Ancient weather calendarsThe economy of the ancient Mediterranean world was agriculturally-based. Given the importance of weather to agriculture, it should not be surprising that there was a good deal of interest in the explanation and prediction of weather in the ancient world. Over what was probably a lengthy period of time and through shared effort and cooperation, ancient people (perhaps farmers themselves) determined an astronomical calendar to guide agricultural activities through the course of the year. Hesiod's poem the Works and Days contains, in the final section, something of a farmers' almanac in verse form, with instructions on when to do what, with some technical advice thrown in.; the poet was very likely here sharing the fruits of collective labour and experience. In some cases, the poet indicates that astronomical events can be associated with specific weather events. So, for example, 'when the Pleiades plunge into the misty sea to escape Orion's rude strength, then truly gales of all kinds rage' (619 ff.; at the end of October or the beginning of November); and 'fifty days after the solstice ... the season of wearisome heat is come to end' (663 f.).
It may be argued that the Works and Days stands at the beginning of a special tradition of Greek and Roman calendars, which relate astronomical phenomena to weather.
In the early part of the twentieth century, fragments of two stone inscriptions were excavated at Miletus (in present-day Turkey). One of these was dated to the late second, the other to the early first century B.C. It was recognised that these stone inscriptions were a sort of calendar, known in Greek as a parapegma (plural=parapegmata). It seems that originally the term parapegma, which means 'something on which you fix something next to something else', described a stone calendar that was displayed for public use. The parapegma was inscribed with a list of star phases and corresponding weather predictions; the term was later applied to purely written forms of such calendars, or almanacs. The stone parapegma had holes beside the inscription, in which a peg could be inserted next to the appropriate day. The peg was placed in the hole next to the day named in the calendar and holes were provided in order to count out each day, so that one would not lose the place in the month.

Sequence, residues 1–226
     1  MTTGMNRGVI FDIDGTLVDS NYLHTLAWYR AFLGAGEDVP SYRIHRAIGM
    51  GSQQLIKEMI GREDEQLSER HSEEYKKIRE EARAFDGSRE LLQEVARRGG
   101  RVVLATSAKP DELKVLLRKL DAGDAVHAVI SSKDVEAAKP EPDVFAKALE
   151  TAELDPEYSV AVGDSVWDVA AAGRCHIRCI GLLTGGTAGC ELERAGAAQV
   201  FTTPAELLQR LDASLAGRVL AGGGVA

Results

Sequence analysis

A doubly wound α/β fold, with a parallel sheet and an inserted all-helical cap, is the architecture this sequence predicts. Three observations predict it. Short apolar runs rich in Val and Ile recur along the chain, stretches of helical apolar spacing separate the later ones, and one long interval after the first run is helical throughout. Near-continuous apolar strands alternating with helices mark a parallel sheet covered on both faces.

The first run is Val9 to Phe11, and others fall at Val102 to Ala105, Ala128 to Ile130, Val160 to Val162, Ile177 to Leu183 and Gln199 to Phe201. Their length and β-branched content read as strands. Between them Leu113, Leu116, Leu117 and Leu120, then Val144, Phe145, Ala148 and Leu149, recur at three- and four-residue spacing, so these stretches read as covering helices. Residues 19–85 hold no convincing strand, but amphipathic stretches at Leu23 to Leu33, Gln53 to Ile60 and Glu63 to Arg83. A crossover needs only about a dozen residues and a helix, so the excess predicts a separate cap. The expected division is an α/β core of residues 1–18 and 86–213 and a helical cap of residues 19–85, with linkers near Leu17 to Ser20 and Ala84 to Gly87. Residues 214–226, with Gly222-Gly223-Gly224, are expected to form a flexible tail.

The parapegma may have been the invention of Meton and Euctemon, who worked in 5th century BC Athens and were particularly interested in calendars. Both stone inscriptions and written examples of the parapegma tradition survive, but prior to the discovery of the stone fragments at Miletus, only a written form of parapegma calendar was known. The second century AD Alexandrian astronomer Claudius Ptolemy included a such a calendar in his work known as the Phases of the Fixed Stars and Collection of Weather Signs. Ptolemy's Phases is clearly part of the traditional group of texts that relate astronomical phenomena to weather, while introducing a few innovations (for example, concentrating on first and second magnitude stars, rather than constellations). The Phases is also an important source of information about the parapegma tradition, providing information about Ptolemy's predecessors. This is one of the particularly interesting features of these calendars: names of earlier authorities are listed. That such calendars were produced over such a long period of time is striking, and indicative of their perceived continuing value.